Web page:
Several researchers have studied enduring involvement in product categories, including cars (Bloch 1981, 1982; Richins and Bloch 1986) and clothing fashions (Tigert, Ring and King 1976). Others have reported on their own extreme enduring involvement (fanaticism) with activities, including jazz music (Holbrook 1987), weight lifting (Lehmann 1987) and horseback riding (Scammon 1987). An analysis of this research reemphasizes the existence of both the self-expression and hedonic components of enduring involvement. Specifically, Holbrook (1987) cites Csikszentmihalyi and Rochberg-Halton (1981) to make the point that some people use objects to help develop and project self-image. In addition, Lehmann discusses the "image enhancement" and "global liking" of weight lifting when discussing his involvement, and Scammon (1987) relates horse back riding to self-identity and fun.

OUTCOMES ASSOCIATED WITH ENDURING INVOLVEMENT

Because of their ongoing interest and concern for the product or activity, people with enduring involvement engage in ongoing product-related information search and transmission (Bloch 1981; Tigert, Ring and King 1976). Richins and Bloch (1986) demonstrate that consumers with enduring involvement attend to product-related ads and magazines, and consult with and provide others with information about automobiles on an ongoing basis. A study conducted by Bloch, Sherrell and Ridgway (1986) extends the automobile results (Richins and Bloch 1986) to personal computer and clothing product categories. Holbrook (1987) and Lehmann (1987) discuss readership of hi-fi magazines and Muscle and Fitness, respectively. Moreover, because of the increased information search and provision, it is likely that these individuals are knowledgeable of the product category/activity and influential in others' opinions and purchases in the product category or related to the activity. Hence, individuals with an enduring involvement are likely to be opinion leaders in the product category or activity.

MEASURING ENDURING INVOLVEMENT

Although conceptualizations of involvement have been based on motivating factors, operationalizations have taken multiple forms. In particular, involvement scales have included measures of product importance, behavioral outcomes (for example, information search or thoughts about the product), motivating factors, or some combination thereof. Given that there are numerous existing measures of involvement, an examination of their adequacy in measuring the enduring involvement construct is warranted.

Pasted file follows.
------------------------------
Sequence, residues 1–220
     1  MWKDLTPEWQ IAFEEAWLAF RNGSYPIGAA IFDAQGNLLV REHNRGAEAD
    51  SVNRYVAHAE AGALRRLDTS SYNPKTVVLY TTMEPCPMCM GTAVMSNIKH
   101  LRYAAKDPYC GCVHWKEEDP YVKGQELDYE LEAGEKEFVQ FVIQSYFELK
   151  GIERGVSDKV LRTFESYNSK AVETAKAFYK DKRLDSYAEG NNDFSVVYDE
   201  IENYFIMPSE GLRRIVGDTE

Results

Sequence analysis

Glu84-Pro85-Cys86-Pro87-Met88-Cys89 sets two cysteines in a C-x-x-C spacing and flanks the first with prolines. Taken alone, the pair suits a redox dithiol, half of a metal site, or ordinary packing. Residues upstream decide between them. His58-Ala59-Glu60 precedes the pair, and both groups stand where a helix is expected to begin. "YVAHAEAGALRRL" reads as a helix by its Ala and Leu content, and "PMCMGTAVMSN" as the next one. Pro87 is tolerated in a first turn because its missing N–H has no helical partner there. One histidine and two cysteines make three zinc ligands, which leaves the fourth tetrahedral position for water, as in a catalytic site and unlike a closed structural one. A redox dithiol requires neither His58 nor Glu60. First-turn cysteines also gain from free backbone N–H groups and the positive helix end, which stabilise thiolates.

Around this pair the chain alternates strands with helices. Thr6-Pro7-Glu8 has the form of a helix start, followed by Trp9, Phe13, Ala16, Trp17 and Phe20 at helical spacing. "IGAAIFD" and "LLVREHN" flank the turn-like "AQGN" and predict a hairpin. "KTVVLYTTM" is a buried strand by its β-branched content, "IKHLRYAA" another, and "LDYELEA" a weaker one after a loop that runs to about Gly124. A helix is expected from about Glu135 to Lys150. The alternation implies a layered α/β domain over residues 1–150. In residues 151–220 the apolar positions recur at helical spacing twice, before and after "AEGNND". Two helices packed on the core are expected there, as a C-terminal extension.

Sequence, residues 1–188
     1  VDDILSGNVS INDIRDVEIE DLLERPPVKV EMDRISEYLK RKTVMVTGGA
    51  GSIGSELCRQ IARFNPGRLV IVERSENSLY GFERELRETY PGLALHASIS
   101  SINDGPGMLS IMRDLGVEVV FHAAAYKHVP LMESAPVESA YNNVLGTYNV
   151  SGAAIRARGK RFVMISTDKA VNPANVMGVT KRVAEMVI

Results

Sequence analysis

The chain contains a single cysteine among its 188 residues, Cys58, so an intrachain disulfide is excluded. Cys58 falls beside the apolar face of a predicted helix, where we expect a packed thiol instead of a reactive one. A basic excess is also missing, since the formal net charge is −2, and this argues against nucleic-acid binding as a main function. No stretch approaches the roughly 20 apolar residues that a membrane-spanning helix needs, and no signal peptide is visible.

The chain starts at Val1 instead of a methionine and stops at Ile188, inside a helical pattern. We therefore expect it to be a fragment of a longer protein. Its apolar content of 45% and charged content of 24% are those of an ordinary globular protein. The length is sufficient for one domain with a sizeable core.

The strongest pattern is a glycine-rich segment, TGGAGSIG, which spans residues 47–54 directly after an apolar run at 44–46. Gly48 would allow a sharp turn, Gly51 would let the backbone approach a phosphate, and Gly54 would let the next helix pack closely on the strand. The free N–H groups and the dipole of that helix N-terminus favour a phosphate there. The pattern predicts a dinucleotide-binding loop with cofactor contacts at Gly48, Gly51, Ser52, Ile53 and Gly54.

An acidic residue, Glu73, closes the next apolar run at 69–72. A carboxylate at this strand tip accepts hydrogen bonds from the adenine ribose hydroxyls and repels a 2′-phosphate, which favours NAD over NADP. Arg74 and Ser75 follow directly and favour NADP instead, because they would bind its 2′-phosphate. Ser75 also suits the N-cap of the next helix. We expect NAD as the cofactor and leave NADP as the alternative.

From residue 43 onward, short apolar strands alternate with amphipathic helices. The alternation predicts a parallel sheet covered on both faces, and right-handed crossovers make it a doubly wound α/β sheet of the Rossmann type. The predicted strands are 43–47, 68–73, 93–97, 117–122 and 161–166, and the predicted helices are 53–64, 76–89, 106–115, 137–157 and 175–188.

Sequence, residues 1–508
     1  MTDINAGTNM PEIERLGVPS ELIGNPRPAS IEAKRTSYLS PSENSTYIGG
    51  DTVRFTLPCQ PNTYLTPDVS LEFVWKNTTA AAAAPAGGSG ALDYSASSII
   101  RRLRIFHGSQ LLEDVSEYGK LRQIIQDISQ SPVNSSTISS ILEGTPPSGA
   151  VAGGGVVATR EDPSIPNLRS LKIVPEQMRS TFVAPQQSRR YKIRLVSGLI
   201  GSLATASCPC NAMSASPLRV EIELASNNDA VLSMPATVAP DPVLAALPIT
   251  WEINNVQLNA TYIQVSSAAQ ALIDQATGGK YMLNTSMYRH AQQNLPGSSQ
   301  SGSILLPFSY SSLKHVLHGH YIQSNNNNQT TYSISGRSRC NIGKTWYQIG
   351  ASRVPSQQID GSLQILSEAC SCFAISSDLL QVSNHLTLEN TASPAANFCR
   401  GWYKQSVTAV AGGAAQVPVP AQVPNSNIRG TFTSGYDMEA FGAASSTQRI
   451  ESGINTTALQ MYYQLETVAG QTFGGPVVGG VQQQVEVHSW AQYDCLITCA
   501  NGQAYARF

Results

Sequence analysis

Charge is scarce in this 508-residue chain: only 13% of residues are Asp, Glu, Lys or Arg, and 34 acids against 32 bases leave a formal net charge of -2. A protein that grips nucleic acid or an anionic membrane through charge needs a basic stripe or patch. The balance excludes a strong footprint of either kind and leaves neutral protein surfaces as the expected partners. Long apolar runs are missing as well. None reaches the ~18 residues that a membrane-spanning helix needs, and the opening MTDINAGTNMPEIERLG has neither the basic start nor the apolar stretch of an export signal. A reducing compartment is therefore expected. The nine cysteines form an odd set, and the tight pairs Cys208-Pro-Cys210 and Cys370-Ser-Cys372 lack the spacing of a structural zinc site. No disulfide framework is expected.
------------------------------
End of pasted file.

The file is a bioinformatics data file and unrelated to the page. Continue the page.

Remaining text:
Several researchers have developed scales to measure the general construct of involvement. Laurent and Kapferer (1985), Zaichkowsky (1985) and McQuarrie and Munson (1987) have developed measures of involvement with products. Their focus, however, is not on enduring involvement per se, and their measures include a product importance component. Products are important, however, for varying reasons. For example, an individual may report a furnace and lawn mower as being important because they are necessary for daily living. Alternatively, an individual may also indicate that a product is important if it is related to his self-image and is a source of fun and enjoyment. Therefore, product importance cannot be used in a measure of enduring involvement since it confounds importance based on functional necessity with enduring involvement. Evidence of this confound is provided in Zaichkowsky (1985), in which laundry detergent (presumably only functionally important) is rated very high on Zaichkowsky's scale.

In addition to product importance, Laurent and Kapferer (1985) identify three other components of involvement: pleasure, sign-value (self-expression) and risk. It seems reasonable that one might use their pleasure and sign-value items to measure enduring involvement. However, not all of their measures, originally written in French, are translatable into English. This factor limits the usefulness of the scale in U.S. research.

Zaichkowsky generated the Personal Involvement Inventory (PII), composed of 20 semantic differential items. The PII taps attitude toward the product, importance, and a hedonic component (See McQuarrie and Munson 1987 for a factor analysis of PII items substantiating three factors.) The inclusion of the former two factors and the exclusion of a self-expression factor suggest that the PII should not be used to measure enduring involvement. The hedonic items in PII, however, are useful in measuring one component of enduring involvement.